ReadMore, iCloud, Syncing, And What's Taking So Long?
First off, a ReadMore bugfix update is coming soon. It fixes a couple of Readmill sharing bugs, and I rewrote the sharing engine to better support Readmill and future services. I’m also and getting ready to support launching and controlling the app with URL schemes. It’s not quite yet ready for this next bugfix release, but I’m building the pieces under the hood. If you have an idea for the kind of control you’d like of the app, let me know. I want to make it easy to integrate with Launch Center, or your own favorite URL triggering application.
Now we come to the confession. It’s been a long time since I’ve last updated ReadMore. Some of it is the result of a busy summer. For those just now getting to know the app (welcome!) this is one of many side projects I juggle for priority.
To make matters worse, I made a decision earlier this year to chase iCloud and try to get it to work. Syncing the data between devices is one of the top requested features and is the first step I need to take before making the app universal so it runs in full glory on the iPad. In theory, iCloud syncing sounds awesome, and for many applications it does just work as it says on the tin.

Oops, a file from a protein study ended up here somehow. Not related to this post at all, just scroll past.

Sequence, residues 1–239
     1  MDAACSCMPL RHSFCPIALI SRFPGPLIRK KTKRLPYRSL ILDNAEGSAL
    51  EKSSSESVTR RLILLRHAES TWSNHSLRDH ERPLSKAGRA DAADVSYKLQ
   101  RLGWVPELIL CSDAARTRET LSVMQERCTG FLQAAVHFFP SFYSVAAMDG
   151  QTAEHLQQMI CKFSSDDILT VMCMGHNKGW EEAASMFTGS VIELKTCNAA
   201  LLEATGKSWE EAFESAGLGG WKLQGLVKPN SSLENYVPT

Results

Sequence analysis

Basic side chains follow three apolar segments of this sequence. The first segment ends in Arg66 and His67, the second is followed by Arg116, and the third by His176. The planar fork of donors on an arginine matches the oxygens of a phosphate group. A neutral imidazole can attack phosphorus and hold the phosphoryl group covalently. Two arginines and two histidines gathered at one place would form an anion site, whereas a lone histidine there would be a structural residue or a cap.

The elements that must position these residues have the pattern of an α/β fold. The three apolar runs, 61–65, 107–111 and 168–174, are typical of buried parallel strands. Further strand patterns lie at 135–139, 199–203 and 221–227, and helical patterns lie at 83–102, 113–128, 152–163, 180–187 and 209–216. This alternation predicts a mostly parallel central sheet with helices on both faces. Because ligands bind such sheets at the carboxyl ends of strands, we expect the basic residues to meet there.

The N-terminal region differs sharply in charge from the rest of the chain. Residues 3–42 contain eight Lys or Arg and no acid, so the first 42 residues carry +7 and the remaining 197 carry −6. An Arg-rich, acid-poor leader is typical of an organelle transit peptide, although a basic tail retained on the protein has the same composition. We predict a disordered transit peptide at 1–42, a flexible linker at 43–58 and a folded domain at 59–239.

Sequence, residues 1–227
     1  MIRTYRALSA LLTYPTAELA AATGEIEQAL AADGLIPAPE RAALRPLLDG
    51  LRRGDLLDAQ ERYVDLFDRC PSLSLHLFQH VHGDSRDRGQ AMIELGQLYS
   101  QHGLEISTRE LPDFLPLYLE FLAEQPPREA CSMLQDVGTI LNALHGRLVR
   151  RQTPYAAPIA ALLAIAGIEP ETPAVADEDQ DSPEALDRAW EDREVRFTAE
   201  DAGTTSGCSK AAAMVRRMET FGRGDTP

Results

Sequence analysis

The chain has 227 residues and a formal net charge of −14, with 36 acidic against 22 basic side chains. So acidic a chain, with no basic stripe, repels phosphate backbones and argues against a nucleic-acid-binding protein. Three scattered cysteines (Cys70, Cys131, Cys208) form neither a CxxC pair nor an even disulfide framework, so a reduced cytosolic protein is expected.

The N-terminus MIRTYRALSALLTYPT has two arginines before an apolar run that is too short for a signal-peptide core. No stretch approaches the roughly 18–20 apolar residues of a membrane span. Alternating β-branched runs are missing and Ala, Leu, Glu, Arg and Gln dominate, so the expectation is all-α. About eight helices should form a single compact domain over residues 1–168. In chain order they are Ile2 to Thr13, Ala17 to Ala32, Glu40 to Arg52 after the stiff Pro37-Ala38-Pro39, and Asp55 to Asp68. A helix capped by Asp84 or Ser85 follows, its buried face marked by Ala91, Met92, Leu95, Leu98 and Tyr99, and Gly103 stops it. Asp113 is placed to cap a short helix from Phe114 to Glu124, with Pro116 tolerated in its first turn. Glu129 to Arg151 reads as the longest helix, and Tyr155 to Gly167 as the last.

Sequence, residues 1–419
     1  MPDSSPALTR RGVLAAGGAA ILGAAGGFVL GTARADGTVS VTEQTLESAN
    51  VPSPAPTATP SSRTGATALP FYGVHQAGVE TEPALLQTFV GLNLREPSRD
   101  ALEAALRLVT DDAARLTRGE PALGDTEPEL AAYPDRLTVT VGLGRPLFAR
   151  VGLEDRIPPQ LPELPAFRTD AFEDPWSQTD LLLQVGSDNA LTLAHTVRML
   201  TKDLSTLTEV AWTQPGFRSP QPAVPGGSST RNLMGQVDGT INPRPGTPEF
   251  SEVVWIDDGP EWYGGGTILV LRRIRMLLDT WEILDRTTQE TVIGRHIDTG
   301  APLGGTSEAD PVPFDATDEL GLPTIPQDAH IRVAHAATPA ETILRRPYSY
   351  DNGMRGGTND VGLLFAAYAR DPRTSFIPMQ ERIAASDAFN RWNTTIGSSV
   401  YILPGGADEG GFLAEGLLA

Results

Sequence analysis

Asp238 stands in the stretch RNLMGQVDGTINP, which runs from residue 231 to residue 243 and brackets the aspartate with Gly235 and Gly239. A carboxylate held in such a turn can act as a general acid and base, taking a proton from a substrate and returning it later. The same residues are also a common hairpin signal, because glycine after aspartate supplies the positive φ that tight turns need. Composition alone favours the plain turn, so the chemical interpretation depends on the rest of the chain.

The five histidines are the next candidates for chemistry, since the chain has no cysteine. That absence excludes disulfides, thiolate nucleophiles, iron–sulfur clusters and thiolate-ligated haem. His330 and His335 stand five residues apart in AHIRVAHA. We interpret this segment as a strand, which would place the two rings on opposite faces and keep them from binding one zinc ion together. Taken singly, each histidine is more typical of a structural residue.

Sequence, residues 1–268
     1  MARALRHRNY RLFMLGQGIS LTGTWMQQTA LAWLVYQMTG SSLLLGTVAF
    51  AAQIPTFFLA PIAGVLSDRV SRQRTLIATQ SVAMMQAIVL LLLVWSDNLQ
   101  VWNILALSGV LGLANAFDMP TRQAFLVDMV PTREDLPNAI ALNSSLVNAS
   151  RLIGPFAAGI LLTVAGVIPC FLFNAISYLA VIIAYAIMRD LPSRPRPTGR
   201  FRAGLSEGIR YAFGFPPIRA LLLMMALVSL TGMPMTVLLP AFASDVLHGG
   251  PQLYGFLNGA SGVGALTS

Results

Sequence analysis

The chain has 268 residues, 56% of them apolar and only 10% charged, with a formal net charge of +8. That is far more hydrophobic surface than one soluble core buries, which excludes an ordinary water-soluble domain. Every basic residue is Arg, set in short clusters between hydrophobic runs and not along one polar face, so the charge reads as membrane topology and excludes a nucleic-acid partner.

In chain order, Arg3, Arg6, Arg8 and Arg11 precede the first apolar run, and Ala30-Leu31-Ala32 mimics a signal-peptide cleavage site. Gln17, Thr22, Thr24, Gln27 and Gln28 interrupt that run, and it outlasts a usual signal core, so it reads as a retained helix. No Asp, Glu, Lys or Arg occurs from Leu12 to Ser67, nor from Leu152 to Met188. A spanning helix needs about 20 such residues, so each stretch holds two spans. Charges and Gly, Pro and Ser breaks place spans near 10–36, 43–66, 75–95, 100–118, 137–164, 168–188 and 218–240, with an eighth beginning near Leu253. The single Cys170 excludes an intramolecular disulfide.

But it’s been nothing but pain for ReadMore and other applications that use Apple’s official Core Data storage mechanism. You’d think that going with Apple’s official frameworks would streamline the process of using their premiere cloud based syncing technology. That’s exactly what I thought when they first announced it last June. However, if I was to release a version that tried to use iCloud as it is today, it’s possible that you’d lose your data. Not good.
I won’t go too deep into the struggles I’m having. For the technically inclined, it has to do with record level syncing. Document level syncing, which is fully atomic, works just as it’s supposed to and an application that breaks up their data into chunks that are just stored as files will work just fine. ReadMore is a database application with everything in a single file, just as Apple prescribes Core Data to use. To sync it, you need to find out the changes between records.
Needless to say, there has been much digital ink spilt by prominent application developers describing the pain. I’ve even been looking into other syncing solutions, but they aren’t as immediately straightforward as iCloud. More under the hood tweaks are needed to get them to work and I’m not sure I want to waste more time chasing another method yet.
That’s the update so far. I’m tabling the syncing issue for now. I have some import/export ideas planned that may satisfy some of you who want to get data in and out. That may help me figure out the best way forward for syncing, too. Thanks for your patience!